As such the formation of gay communities in some countries is still very recent. And barely in the wake of its liberation it had to suffer the awful human death toll of one of the worst viruses in modern history. As an infant community, still struggling with a terrible past and great challenges, there is a great deal it needs to overcome.

Without centuries to develop their ethics, traditions, sense of community and other facets of dignity - the gay community of today is young, immature and in a poor position to set an example to its members. But it will in time improve, no doubt. Today many in the community idolise the frivolous, materialistic. They love the parties and the extravegant indulgences.

But while this community is not conducive to high ethics and does need reform, it can and will improve with the passage of time. Overlooked also, by both homophobes and the immature members of the gay community themselves, are the vast numbers of homosexuals who have led exemplary lives and contributed vastly to the welfare of the human race as the centuries have passed. If I had a spare day or two I would list them for you, though I am certain that as an educated person you already have a good understanding of this subject matter. Harvey Milk, who lost his life in the line of serving his community faithfully (of whatever sexual orientation), in modern times - or Hadrian, the superb Roman Emperor whose adoration of Antinous led him to build a monumental city to him which eclipses even such tributes of love as the Taj Mahal. These are merely two prominent of many examples.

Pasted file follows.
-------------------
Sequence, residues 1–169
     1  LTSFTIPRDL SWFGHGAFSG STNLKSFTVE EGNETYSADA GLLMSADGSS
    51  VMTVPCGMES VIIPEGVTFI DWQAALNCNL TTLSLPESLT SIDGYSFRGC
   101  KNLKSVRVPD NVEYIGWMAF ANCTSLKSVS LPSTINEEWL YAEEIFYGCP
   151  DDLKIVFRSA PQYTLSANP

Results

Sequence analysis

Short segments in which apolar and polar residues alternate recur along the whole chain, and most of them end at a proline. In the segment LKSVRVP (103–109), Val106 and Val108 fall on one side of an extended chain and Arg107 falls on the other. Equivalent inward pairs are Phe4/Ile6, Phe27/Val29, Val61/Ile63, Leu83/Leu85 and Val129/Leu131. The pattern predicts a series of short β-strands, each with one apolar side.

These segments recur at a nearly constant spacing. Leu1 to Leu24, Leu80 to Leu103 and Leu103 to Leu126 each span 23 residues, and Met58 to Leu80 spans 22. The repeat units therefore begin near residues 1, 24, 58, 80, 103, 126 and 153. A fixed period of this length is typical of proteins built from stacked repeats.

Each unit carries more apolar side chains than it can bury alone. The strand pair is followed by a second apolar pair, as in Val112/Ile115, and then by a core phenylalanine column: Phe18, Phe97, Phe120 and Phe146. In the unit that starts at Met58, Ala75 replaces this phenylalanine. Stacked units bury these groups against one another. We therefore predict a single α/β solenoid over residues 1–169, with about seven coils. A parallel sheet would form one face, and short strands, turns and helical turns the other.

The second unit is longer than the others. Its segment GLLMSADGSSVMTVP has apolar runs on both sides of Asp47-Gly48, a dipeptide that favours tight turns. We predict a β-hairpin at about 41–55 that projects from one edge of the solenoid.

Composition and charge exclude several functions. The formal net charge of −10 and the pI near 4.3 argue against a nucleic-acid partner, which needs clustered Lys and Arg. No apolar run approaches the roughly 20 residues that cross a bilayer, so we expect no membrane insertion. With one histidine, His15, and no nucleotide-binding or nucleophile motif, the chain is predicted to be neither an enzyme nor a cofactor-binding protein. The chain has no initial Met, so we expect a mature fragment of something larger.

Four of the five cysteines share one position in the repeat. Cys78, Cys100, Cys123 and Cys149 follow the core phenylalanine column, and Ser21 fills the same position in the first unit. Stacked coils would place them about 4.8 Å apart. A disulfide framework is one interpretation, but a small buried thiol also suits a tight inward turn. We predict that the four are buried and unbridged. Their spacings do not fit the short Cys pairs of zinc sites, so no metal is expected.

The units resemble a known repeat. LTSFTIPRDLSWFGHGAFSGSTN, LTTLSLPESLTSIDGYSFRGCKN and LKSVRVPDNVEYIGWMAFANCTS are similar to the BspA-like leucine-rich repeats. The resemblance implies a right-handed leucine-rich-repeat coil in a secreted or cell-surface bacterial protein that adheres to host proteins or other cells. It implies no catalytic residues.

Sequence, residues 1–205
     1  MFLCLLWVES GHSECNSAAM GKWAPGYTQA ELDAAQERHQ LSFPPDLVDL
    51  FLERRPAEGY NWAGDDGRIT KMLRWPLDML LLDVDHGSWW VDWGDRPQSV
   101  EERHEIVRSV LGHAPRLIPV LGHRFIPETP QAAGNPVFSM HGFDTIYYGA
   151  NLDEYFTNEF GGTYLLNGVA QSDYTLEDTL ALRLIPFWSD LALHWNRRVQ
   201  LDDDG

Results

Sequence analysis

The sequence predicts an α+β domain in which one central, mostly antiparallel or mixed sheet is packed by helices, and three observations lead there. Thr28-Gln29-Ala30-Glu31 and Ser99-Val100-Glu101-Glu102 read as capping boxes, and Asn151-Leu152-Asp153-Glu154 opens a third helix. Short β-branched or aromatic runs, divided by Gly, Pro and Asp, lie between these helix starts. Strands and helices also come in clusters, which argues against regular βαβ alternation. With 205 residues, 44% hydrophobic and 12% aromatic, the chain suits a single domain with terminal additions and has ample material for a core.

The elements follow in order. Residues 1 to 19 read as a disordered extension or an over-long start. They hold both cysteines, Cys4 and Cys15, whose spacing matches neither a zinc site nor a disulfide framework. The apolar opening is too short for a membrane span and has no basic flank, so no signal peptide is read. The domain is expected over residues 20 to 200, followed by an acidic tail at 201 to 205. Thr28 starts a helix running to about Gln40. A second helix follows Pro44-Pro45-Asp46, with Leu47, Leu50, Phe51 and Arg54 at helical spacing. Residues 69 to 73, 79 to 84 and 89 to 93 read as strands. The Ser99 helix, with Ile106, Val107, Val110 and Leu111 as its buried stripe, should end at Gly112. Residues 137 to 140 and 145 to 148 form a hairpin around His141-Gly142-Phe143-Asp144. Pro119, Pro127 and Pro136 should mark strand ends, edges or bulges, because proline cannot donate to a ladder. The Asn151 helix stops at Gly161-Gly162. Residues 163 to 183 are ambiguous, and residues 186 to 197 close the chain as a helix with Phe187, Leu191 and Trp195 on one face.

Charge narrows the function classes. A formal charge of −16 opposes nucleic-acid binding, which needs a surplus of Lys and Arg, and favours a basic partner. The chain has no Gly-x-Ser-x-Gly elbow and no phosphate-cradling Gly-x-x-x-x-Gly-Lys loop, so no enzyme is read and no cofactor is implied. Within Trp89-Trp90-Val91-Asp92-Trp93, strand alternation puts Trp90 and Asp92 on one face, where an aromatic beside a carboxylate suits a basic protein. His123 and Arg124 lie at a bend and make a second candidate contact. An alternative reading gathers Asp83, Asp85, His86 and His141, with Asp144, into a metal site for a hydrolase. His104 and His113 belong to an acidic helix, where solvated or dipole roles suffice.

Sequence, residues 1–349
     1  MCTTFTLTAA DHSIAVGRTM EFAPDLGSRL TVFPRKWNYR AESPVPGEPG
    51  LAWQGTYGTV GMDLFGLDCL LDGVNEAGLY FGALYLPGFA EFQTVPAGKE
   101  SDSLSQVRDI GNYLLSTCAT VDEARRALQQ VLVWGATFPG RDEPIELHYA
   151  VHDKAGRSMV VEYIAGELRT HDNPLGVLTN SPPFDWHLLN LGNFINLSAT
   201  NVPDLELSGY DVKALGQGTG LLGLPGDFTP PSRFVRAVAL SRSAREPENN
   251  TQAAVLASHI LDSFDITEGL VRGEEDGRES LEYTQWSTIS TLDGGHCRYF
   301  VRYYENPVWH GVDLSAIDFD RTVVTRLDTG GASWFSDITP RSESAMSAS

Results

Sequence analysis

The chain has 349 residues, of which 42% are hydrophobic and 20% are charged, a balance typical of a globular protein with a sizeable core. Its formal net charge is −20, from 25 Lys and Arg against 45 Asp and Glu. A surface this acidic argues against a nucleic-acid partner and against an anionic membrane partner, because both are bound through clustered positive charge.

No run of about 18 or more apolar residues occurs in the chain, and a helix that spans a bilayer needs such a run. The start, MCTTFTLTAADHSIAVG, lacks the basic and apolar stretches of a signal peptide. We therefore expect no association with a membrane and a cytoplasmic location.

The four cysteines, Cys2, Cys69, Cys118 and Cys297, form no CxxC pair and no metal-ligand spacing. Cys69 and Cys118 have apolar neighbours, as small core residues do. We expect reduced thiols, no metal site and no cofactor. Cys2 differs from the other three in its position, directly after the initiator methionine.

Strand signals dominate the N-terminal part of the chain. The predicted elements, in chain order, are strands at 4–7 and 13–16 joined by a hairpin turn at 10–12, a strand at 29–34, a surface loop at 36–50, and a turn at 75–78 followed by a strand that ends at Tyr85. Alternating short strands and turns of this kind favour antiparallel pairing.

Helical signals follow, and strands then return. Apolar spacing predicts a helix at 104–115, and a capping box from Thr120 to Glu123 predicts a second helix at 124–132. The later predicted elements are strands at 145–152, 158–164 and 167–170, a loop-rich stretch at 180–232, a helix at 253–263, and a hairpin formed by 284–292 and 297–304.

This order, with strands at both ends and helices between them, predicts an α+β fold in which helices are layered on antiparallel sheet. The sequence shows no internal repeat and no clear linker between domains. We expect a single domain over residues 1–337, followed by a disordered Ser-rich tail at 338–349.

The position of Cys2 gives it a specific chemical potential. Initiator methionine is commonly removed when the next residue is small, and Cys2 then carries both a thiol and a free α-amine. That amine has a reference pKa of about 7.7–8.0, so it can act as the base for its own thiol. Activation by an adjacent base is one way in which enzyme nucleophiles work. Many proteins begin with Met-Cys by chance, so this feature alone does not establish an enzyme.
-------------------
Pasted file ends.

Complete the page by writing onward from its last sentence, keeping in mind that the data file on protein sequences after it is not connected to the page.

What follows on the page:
So, while I do understand (and share) your disdain for people who embrace a vacuous and egotistical way of life, I do hope that as educated human beings we can look past these personality flaws of the some in order to recognise the worth and value of the many as people, whatever their minor physiological traits. And that with time this community will develop higher ethical standards.

Who knows, maybe there is even hope for the brawling, overweight, heavy drinking, irresponsible deadbeat father class of heterosexuals who lag behind us and are so common in this day and age.


Edited by Constantine XI - 14 Dec 2009 at 17:34
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Post Options Post Options   Thanks (0) Thanks(0)   Quote Guests Quote  Post ReplyReply Direct Link To This Post Posted: 14 Dec 2009 at 17:20
Originally posted by Omar Omar wrote:


According to Parnells link, 37 African countries alone consider homosexuality a capital offence. 80 countries in the world consider it a criminal offence.


I said 7-8 countries consider it a death penalty crime, not a capital offence. Capital offence and death penalty offence are not automatically synonymous.

Originally posted by Omar Omar wrote:

Funny how you call the thread the last acceptable prejudice when there are in fact multiple prejudices at work here, and displayed in the thread.


Please list these prejudices so they can be addressed, I would love to be in on the joke.

Originally posted by Omar Omar wrote:

If there's lack of coverage here it might be because in a weird way the african prejudice cancelled with the gay prejudice. And, most importantly no-one had a pre-existing reason to have a propaganda campaign against Uganda.